UChicago Medicine tackles the opioid crisis
It’s no secret there is an opioid addiction crisis in the United States. In 2016, overdose deaths involving opioids — both prescription painkillers and illegal opioids, such as heroin and illicitly manufactured fentanyl — were five times higher than in 1999, according to the Centers for Disease Control and Prevention. Every day, an average of 115 Americans die of opioid overdoses.
At the University of Chicago Medicine, the Department of Orthopaedic Surgery and Rehabilitation adopted several initiatives to reduce opioid use by patients, while keeping them as comfortable as possible before, during and after surgery and treatment.
Megan Conti Mica, MD, an orthopaedic surgeon whose research on opioids and pain management has spearheaded these changes, said the issue hit home several years ago.
“I had a patient who was an athlete, and I got a call from her trainer to say that she had overdosed on her pain medication,” said Conti Mica, who specializes in hand and upper extremity surgery. “It was six months after her surgery, and the unused medication was sitting in her medicine cabinet. It was pain medication she didn’t need. That was devastating for me as a surgeon to experience. I realized that we needed to do something different with the system,” she said.
This led to several changes and the new initiatives, which include:
- Standardizing the amount of medication UChicago Medicine surgeons prescribe, so that patients don’t have unneeded pain-killing drugs sitting in their medicine cabinets.
- Using a mix of prescription and non-prescription medications to deal with pain effectively.
- Educating patients about the opioid epidemic and about pain — how much pain to expect after surgery, for example, and what causes pain. Nurses, surgeons, and other health care providers are all involved in these conversations.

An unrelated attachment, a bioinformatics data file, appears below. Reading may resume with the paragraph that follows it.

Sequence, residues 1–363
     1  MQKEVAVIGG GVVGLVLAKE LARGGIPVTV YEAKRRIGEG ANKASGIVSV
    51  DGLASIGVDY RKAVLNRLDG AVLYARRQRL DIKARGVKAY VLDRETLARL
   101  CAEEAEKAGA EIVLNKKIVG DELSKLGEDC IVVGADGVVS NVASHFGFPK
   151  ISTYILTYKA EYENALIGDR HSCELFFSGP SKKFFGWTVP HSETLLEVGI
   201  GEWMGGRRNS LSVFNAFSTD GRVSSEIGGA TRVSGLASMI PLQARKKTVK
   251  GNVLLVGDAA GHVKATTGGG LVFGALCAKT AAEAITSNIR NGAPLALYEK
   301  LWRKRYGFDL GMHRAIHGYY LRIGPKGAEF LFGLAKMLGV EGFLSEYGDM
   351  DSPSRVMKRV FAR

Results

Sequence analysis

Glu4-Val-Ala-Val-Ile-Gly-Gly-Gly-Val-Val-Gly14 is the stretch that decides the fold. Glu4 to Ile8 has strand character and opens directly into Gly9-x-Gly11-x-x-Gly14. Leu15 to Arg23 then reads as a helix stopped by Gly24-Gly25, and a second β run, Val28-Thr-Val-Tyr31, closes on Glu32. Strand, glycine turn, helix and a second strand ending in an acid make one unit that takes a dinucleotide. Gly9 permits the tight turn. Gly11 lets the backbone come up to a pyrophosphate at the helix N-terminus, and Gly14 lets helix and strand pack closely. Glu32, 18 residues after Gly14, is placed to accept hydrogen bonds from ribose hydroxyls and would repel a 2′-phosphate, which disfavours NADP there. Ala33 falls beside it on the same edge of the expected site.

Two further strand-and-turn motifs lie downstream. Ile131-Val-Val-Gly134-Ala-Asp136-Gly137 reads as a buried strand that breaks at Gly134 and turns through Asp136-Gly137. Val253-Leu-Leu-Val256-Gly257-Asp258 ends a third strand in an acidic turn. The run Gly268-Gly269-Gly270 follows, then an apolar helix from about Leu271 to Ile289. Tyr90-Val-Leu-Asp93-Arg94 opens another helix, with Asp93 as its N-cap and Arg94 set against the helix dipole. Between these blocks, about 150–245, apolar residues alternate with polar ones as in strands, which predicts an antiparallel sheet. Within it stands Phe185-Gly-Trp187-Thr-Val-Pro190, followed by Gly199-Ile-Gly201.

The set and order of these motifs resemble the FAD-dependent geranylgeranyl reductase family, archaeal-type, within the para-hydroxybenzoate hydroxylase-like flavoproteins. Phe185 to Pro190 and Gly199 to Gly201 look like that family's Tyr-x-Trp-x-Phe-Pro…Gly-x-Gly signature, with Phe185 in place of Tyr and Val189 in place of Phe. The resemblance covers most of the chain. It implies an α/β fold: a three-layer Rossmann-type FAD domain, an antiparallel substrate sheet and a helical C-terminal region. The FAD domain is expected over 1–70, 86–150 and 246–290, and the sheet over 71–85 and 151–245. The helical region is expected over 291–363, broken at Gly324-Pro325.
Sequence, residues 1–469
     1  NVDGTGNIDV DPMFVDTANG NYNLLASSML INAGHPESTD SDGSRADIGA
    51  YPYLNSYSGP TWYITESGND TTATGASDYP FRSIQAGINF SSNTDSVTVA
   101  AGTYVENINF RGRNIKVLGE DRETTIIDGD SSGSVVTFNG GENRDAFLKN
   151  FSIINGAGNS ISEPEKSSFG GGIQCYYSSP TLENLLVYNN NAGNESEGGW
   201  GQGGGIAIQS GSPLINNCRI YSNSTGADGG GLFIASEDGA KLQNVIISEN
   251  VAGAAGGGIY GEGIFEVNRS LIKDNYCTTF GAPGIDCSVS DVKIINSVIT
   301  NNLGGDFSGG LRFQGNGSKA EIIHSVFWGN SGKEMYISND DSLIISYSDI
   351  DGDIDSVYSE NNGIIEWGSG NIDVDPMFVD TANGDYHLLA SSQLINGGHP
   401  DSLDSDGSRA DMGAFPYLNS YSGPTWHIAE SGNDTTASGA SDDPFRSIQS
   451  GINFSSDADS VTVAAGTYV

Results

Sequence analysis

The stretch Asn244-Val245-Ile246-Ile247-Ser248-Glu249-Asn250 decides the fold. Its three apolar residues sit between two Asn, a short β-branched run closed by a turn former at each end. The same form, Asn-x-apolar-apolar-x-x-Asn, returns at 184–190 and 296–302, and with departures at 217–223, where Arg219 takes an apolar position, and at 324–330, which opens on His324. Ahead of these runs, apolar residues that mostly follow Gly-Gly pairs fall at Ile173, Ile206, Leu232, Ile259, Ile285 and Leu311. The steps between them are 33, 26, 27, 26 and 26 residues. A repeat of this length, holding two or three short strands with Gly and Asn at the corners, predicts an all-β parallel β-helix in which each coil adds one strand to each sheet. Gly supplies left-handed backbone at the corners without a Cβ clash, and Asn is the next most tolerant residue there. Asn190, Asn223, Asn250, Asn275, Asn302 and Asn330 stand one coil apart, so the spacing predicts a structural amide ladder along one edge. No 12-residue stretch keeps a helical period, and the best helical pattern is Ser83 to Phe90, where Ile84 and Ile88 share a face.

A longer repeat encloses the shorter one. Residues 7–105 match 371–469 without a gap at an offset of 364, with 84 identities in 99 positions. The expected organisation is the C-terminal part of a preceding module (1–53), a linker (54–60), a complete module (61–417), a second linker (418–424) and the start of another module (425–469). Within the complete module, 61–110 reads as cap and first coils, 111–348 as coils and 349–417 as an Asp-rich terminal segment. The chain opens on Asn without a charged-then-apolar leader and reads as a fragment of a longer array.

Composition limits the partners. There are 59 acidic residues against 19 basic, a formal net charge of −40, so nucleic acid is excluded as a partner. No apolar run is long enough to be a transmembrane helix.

- Helping patients use pain-coping mechanisms such as meditation, prayer, physical therapy, music/singing, and other methods to decrease discomfort and expand their thinking beyond using narcotics for pain control.
“It changes things when you explain to patients that prescription painkillers are in the same family as heroin,” Conti Mica said, “and it makes it more clear that if you have a ‘four out of 10’ pain, you don’t need to take a narcotic. We also explain that you will have pain after surgery and that’s a positive thing — that’s the body responding. Patients usually don’t need as much pain medication if you explain things, because they can expect and anticipate it.”
UChicago Medicine also encourages patients to bring back unused pain medications and put them in the return drop box (located at the pharmacy on the first floor of the Duchossois Center For Advanced Medicine). “About 60 percent of medication given out after surgery goes unused,” explained Conti Mica, “and almost 70 percent of new users of narcotics start out by using someone else’s medication.”
The results so far have been encouraging; the department has decreased opioid use and is looking to continue this trend. “Patients are getting better pain control without side effects and the possibility of addiction to narcotics,” Conti Mica said. “We’ve been just as successful in covering pain, with less risk to patients.”
Megan Conti Mica, MD
Megan Conti Mica, MD, is a skilled hand and upper extremity surgeon. She specializes in the treatment of adults and children, including athletes at all levels, with injuries or disorders of the hand, wrist, elbow and shoulder.Learn more about Dr. Conti Mica